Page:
European Intellectual History Syllabus

42.346 Spring 2002

Study Questions on The Portable Karl Marx.

Please note that there is a Reader's Guide at the back of the book, which helps explain terms.

Kamenka's Introduction (pp. xi-xiv):

 Why does Kamenka think that studying Marx is important?

 Trace the major turning points in Marx's life and be  prepared to "chart" them on the blackboard.

 Kamenka says that Marx combined German philosophy, French politics, and English economics.  Explain what this means.

 Explain Marx's criticism of capitalism--according to Marx, why was it inevitable and necessary that capitalism be  overthrown in a revolution?


Marx the Man:  Documents, Letters, Reminiscences (pp. 5-71):

What were Marx's main personality traits?  What sort of person was he, and what did he seem to value?  (Think about how his personality compares to that of J. S. Mill.)  Be prepared to explain in detail your reaction to this "biographical" material.


The Formation of a Young Radical:  Early Writings, 1841-44 (pp. 75-124):

In the "Correspondence of 1843"  (pp. 92-95), what was Marx's criticism of German intellectual life in 1843?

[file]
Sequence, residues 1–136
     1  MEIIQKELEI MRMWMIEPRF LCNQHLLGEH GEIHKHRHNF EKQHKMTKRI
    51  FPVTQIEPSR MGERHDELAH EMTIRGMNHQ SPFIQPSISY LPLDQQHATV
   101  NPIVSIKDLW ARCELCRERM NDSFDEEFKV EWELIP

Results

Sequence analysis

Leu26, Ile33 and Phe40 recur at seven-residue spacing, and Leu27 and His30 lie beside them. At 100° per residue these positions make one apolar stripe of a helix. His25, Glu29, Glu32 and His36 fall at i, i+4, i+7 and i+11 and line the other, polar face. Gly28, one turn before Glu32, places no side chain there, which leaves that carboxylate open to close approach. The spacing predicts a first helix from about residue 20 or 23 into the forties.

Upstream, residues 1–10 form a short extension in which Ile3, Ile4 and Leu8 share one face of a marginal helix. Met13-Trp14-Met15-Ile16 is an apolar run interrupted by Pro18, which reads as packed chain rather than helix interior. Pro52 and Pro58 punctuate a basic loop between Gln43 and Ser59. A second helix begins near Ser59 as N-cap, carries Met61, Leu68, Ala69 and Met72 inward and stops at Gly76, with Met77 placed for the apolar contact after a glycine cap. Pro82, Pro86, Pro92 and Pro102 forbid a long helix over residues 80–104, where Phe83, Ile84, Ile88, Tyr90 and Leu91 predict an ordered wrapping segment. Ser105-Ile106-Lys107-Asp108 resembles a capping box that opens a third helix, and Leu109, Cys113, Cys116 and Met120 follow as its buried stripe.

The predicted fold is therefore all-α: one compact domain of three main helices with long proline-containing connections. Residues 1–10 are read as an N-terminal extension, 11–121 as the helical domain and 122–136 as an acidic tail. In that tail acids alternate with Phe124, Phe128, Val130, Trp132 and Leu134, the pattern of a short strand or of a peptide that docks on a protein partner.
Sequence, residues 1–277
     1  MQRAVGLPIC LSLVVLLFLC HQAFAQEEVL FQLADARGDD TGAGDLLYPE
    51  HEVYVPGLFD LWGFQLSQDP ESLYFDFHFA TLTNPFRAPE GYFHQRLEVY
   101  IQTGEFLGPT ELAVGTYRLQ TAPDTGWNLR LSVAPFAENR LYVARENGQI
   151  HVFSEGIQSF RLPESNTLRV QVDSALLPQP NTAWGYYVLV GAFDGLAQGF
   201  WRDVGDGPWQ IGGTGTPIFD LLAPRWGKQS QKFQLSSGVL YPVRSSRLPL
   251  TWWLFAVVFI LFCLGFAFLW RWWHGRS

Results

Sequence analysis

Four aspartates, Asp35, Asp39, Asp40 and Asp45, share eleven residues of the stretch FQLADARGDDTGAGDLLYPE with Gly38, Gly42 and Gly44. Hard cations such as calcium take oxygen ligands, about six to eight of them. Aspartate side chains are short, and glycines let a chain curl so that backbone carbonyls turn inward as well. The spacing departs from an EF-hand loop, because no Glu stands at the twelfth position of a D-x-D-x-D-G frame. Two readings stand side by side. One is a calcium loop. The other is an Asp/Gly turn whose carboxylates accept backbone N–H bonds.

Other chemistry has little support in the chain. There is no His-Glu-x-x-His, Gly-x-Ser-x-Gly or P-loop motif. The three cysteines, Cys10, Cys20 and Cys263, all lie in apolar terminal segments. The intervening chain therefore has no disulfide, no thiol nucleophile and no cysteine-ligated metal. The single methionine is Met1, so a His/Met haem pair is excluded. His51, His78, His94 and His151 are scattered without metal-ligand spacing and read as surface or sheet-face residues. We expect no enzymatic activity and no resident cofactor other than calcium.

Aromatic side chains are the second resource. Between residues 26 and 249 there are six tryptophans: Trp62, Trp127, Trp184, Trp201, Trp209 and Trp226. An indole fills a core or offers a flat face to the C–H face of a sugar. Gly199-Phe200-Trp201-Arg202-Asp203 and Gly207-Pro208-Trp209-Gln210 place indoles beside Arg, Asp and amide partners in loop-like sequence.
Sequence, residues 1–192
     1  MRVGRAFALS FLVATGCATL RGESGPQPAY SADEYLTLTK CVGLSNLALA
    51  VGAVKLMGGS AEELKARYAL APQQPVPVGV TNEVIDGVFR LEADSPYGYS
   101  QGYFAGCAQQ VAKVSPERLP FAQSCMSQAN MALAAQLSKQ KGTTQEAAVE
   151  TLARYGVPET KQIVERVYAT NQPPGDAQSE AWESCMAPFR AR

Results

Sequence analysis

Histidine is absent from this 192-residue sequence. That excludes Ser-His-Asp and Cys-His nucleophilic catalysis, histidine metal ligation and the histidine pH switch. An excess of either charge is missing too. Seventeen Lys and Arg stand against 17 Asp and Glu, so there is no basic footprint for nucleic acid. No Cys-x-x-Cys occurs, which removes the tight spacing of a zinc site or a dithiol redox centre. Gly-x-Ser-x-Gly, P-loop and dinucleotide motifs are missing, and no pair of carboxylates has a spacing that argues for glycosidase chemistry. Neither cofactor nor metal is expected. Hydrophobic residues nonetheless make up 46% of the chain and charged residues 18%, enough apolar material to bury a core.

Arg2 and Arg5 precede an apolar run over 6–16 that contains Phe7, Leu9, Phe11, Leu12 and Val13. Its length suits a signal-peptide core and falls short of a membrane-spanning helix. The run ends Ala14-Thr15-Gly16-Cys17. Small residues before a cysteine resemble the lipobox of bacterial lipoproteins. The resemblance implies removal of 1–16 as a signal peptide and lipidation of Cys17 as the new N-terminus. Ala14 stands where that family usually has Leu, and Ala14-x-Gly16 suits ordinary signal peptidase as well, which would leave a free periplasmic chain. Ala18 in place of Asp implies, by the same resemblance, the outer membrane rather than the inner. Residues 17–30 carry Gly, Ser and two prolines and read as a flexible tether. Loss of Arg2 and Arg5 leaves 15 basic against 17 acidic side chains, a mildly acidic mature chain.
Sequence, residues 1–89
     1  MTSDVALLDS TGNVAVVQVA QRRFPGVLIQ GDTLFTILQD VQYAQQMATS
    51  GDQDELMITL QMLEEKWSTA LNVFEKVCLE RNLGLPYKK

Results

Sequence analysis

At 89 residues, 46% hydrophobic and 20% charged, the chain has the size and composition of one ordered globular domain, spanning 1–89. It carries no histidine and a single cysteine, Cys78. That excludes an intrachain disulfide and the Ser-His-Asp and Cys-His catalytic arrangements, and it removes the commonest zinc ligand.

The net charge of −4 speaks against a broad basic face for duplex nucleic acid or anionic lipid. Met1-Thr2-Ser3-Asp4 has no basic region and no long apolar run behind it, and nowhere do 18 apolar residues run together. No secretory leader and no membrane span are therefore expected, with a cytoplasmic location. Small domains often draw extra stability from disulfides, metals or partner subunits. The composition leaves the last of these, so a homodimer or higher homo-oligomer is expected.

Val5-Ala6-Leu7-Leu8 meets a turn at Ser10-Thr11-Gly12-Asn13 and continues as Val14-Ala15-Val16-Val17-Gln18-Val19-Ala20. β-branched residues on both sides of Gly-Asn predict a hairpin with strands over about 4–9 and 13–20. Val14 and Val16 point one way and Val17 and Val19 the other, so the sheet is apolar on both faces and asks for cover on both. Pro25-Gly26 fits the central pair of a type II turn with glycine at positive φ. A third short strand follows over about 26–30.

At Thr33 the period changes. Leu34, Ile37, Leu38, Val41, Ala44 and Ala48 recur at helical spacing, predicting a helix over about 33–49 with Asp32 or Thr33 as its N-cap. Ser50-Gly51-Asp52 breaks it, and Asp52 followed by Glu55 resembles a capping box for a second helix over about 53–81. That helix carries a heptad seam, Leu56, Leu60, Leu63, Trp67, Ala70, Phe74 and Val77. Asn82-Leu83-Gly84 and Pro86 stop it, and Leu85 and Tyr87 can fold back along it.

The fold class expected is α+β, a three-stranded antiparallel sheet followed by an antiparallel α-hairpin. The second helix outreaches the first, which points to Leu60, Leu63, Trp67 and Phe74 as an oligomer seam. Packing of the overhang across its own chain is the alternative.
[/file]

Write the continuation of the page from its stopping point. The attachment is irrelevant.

In the Introduction to "Contribution to the Critique of Hegel's Philosophy of Right " (pp. 115-124), why did Marx call religion "the opium of the people."

Hegel had argued that the Prussian was the greatest achievement of human history (the end of history).  What    was the main point of Marx's criticism of Hegel? 

What was Marx's main criticism of German philosophy in 1844?

What did Marx say Germany had to do to "join" the modern nations?  Explain.

Why for Marx was the proletariat the only class that could bring "human emancipation"?


Beyond Philosophy to Communism, Political Economu, and the Materialist Conception of History:  Transitional Writings, 1844-47 (pp. 125-195)

Consider the manuscript fragment "Alienated Labour" (from Economico-Philosphical Manuscripts of 1844, pp. 131-146).   What did Marx say was wrong with "political economy"?

According to Marx, why is labor a commodity?  Why is the product of a worker's labor an "alien object"?

What did Marx mean by "the relationship of the worker to production," and why is the worker alienated by the act of production?

According to Marx, why is the "fact" that man is alienated in the process of labor and from labor's products both dehumanizing and socially alienating?